The present invention relates to foldable or pivotable support structures, such as folding wall-type beds, tables or other pieces of furniture. The present invention is particularly applicable to folding wall-type beds and a power drive mechanism therefor.
Numerous types of folding wall beds, desks, tables and other pieces of furniture are known in the prior art and are widely used in situations in which available space is at a premium. The bed or other piece of furniture is provided with hinges so that it can be pivoted upwards from its generally horizontal use position to a generally vertical storage position adjacent a wall or in a small closet placed in a wall for that purpose.
Because the weight involved in even a medium sized wall bed can be considerable, it has long been considered desirable to provide some type of counterbalance springs to make it easier for a person to move the bed between the use and storage positions. The same situation exists with respect to all types of pivoting or foldup loads, including but not limited to, foldup desks, tables, work counters, loading ramps or doors hinged at the bottom, or any member pivoted near its bottom for movement between a generally vertical to a generally horizontal position. For purposes of illustration, the present invention as disclosed herein is applied to a folding wall-type bed, but it will be understood that the present invention is equally applicable to any of the pivoting type loads discussed above.
Numerous types of counterbalance mechanisms have been used in prior art foldup beds. One type of counterbalance mechanism is disclosed in U.S. Pat. No. 3,999,245 to Richard C. Bue et al, the disclosure of which is incorporated herein. The counterbalance mechanism of that patent is connected between a stationary base portion or stationary frame member and a movable frame portion. The counterbalance means includes a spring operatively connected to one of the frame members, and attached to the other of the frame members and a cable or other flexible force transmitting member interconnecting the spring and the other of the hinge frame members and passing over and around a cam surface to provide a variable effective radius and leverage arm for the spring according to the position of the hinge. Because of the unique cam, which is designed in consideration of the peripheral length of the cam surface as well as the cam effective radius, a smaller effective radius is provided when the load is in its horizontal position and a larger effective radius when the load is in its vertical or stored position.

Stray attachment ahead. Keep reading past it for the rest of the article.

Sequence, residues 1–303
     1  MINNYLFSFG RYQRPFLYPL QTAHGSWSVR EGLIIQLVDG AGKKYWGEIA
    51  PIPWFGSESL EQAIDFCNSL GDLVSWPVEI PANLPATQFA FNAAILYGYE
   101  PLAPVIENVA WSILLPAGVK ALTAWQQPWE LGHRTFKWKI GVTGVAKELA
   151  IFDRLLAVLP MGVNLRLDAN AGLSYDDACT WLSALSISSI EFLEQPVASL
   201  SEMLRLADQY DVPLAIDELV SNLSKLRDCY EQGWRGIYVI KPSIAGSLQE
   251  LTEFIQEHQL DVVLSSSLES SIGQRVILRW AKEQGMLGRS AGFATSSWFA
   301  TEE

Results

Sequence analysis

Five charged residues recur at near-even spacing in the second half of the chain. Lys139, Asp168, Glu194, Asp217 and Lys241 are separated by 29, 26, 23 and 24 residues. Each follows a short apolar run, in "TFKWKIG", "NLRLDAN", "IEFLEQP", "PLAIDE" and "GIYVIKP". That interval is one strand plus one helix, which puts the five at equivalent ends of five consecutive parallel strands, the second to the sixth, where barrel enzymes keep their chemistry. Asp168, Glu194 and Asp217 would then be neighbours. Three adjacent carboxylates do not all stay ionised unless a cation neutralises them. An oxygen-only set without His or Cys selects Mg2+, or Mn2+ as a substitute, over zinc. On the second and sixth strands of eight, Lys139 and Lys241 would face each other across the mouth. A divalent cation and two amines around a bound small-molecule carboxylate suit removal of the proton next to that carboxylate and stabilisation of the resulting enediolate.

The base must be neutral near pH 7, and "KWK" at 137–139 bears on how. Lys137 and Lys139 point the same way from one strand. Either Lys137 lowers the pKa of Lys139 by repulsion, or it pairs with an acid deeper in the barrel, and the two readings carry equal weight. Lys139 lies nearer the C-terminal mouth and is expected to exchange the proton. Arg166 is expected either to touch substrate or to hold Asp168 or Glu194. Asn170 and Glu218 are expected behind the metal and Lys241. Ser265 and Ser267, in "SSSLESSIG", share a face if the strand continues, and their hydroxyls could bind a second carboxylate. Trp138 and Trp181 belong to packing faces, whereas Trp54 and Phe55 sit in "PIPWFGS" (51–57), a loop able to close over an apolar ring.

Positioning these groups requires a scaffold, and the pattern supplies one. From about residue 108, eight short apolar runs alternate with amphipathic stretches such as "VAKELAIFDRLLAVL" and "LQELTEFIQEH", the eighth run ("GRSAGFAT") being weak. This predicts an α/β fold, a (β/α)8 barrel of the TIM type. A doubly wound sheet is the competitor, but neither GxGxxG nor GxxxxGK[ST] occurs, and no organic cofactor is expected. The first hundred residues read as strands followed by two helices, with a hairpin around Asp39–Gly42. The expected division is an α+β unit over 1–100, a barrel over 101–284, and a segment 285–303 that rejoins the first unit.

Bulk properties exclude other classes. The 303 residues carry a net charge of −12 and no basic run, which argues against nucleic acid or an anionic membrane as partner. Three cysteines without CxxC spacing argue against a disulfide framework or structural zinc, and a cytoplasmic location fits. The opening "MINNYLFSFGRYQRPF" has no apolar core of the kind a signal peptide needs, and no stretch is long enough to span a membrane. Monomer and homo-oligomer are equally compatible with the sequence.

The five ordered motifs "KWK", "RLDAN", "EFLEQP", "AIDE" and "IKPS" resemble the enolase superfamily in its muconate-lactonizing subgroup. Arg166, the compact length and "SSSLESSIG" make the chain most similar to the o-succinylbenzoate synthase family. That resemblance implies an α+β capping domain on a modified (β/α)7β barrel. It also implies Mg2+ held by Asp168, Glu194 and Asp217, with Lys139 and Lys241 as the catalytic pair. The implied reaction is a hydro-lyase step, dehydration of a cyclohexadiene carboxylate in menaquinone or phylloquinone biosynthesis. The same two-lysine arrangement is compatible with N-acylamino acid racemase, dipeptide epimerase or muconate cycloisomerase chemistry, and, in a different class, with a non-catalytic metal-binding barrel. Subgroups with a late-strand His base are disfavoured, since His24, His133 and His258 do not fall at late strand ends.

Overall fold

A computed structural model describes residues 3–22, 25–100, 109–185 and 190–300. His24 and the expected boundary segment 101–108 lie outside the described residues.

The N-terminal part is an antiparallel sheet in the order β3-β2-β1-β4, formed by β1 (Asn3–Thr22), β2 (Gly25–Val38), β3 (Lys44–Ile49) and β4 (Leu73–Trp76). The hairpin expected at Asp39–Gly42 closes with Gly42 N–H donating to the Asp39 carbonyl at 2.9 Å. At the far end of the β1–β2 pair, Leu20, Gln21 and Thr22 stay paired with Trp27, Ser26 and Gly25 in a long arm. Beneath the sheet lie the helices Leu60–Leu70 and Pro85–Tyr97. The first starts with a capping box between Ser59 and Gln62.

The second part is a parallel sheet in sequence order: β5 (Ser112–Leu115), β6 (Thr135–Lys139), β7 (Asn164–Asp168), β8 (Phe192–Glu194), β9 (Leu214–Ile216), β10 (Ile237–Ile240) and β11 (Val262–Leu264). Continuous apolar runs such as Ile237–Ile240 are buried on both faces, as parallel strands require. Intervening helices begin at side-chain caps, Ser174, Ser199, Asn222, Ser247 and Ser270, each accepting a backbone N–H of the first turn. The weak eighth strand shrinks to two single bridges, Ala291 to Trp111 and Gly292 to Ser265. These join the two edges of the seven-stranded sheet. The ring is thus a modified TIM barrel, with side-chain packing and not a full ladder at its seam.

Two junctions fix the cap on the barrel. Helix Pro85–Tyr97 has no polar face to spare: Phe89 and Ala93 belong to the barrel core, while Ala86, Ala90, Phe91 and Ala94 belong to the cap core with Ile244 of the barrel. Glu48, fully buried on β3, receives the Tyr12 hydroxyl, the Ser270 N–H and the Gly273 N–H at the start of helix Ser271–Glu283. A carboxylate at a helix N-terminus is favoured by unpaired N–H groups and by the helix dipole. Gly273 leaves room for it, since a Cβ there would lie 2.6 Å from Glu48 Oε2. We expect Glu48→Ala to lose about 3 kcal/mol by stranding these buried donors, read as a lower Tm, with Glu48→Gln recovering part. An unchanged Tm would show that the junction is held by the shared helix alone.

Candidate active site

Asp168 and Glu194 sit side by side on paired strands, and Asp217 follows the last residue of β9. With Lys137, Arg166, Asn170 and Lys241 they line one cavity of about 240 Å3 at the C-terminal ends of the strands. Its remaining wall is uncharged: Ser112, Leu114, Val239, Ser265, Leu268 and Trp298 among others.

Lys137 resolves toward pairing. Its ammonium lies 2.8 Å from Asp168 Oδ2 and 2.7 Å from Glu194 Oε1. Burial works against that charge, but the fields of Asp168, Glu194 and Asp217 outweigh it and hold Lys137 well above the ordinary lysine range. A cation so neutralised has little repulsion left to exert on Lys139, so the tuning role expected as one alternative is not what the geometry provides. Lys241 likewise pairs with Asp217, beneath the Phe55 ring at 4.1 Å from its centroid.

While a counterbalance mechanism, such as disclosed in the above patent, greatly reduces the amount of force which is necessary to move a folding wall-type bed between its use and storage positions, the application of such a small force can still be burdensome to some persons. For example, when a folding bed is to be used by a seriously handicapped, invalid or extremely elderly person, the application of the manual force to pivot the bed may be undesirable. However, the use of a high powered motorized mechanism for pivoting a bed between its use and storage positions could be dangerous unless safety features could be built into such a system.
The present invention is directed to a power operated folding support structure wherein a support member is movable between a generally vertical position and a generally horizontal position. A counterbalance means is operatively connected to the support member for reducing the amount of force needed to move the support member between its horizontal and vertical positions. A motor means is also operatively connected to the support member and provides the force required to move the support member between the horizontal and vertical positions.